As has been made pretty clear by now, there isn't much money in the government's coffers these days. Which means that the city is getting creative with the ways it raises cash-and that is why the New York City Housing Authority is currently exploring the pretty audacious move of putting advertisements on the 334 developments it runs across the city. You'll be shocked (shocked!) to know that not all NYCHA residents are thrilled at this prospect!

"This is where we live, we shouldn't have to see that stuff here," 50-year-old Edwin Jackson, who lives in the Gowanus Houses in Boerum Hill, told the News. More than just the advertising, folks are worried about just what kind of advertising this move could bring. "Advertising always follows geography and demographics," Aurora Wallace, NYU professor of media studies, said. "Look at low-income neighborhoods already: There is a real concentration of distinctly 'not good for you' products being advertised. Tiffany's, let's say, probably isn't going to be interested in advertising there."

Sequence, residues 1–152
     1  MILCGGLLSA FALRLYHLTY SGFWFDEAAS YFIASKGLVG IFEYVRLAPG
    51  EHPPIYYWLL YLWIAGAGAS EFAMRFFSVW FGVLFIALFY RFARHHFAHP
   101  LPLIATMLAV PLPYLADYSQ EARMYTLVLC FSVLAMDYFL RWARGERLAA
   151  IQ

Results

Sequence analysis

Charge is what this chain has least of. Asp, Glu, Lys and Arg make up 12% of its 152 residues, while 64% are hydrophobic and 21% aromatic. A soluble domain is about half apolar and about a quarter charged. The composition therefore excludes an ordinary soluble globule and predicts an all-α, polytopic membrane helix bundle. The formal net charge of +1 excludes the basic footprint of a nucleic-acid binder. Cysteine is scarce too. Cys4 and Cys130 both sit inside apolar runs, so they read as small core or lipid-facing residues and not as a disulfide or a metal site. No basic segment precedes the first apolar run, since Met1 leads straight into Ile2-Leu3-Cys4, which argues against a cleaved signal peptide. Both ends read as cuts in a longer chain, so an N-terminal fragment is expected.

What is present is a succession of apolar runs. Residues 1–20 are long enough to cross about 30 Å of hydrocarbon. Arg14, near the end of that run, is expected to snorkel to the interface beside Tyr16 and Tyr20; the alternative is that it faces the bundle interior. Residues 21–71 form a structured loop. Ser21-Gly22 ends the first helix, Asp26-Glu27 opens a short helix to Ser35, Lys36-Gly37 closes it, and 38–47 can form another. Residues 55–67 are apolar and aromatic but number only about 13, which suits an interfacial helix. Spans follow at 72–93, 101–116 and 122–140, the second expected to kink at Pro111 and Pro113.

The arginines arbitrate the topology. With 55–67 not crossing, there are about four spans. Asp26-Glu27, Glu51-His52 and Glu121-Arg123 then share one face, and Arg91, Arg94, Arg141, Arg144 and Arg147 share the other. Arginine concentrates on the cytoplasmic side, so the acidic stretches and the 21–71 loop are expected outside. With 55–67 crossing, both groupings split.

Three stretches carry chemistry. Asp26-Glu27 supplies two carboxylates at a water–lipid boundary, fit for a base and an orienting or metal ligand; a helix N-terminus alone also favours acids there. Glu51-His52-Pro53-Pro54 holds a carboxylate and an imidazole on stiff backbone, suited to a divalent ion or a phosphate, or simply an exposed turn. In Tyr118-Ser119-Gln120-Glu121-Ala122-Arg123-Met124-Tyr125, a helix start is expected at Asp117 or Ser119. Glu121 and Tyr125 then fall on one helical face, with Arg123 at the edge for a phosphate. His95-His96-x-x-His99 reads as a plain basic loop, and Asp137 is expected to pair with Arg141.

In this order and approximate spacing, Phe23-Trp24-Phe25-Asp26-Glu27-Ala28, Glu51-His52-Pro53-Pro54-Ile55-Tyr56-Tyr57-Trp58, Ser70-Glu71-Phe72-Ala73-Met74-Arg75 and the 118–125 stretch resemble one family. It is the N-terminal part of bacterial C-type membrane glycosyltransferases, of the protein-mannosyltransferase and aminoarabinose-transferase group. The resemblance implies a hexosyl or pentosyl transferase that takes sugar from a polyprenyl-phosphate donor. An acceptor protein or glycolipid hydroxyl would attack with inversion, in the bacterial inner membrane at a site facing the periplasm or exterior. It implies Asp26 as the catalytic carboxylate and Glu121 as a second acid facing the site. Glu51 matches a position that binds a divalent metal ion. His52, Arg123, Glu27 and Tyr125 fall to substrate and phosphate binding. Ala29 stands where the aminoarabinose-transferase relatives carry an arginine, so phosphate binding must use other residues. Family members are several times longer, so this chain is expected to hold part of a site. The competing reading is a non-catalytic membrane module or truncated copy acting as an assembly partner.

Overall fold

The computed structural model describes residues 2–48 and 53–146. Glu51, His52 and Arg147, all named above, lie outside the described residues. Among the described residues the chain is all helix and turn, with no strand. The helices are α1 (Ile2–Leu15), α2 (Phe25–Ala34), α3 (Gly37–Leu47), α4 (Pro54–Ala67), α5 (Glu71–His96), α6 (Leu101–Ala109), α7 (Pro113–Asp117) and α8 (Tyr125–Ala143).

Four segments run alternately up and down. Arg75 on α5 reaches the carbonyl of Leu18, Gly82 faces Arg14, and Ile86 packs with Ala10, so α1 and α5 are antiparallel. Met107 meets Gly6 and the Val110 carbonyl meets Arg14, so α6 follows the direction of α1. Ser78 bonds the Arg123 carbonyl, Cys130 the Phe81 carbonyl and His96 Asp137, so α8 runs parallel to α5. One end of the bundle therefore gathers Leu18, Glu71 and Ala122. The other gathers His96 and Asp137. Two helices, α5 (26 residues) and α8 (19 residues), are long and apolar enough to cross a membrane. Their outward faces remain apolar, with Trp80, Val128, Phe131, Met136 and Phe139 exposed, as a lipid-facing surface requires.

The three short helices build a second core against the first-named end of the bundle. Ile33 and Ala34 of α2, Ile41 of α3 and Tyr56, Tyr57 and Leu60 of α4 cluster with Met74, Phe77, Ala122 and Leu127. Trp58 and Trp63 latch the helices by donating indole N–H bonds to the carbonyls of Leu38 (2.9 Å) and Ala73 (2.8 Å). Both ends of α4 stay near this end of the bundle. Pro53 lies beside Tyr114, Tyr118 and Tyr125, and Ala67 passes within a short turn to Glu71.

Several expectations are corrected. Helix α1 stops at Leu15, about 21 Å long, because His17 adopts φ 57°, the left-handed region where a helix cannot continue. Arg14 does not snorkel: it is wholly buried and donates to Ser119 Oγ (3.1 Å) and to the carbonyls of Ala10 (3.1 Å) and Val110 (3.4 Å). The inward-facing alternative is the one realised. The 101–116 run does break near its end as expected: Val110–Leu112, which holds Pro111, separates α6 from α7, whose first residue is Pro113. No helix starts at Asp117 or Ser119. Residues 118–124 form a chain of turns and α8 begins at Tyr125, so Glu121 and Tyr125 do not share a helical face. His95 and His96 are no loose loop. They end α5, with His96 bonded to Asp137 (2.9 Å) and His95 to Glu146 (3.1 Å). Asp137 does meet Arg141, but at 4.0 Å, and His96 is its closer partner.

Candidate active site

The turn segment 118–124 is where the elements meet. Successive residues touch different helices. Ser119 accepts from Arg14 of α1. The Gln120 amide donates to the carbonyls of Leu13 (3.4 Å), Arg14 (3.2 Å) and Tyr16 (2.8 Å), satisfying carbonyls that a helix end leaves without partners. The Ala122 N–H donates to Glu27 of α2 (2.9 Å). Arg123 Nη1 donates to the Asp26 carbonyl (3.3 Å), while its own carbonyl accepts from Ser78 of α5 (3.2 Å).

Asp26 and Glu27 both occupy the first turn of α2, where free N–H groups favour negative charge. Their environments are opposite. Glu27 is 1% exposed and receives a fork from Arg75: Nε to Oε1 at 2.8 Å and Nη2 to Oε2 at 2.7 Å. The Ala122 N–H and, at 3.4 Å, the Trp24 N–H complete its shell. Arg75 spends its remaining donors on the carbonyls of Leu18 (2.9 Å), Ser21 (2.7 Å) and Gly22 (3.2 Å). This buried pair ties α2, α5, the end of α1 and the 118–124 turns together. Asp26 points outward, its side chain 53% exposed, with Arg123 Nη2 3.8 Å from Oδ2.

And that's true—it is unlikely that you are going to see luxury car advertisements on public housing anytime soon (unless they are by a major thoroughfare). But the idea shouldn't be written off just because people don't like the theoretical ads that might go up. New York City already has a tremendous amount of visual pollution (hello CEMUSA!) and there is a good reason for it: ads make money. The blowback, considering how tricky getting this idea to move forward is going to be politically, would just be too much. Which is why the NYCHA, before selling any ad space, is working with residents on guidelines for what kinds of ads it will and will not accept. And anyway, it is highly unlikely that the NYCHA is going to let inappropriate ads start showing up if they follow through with the project.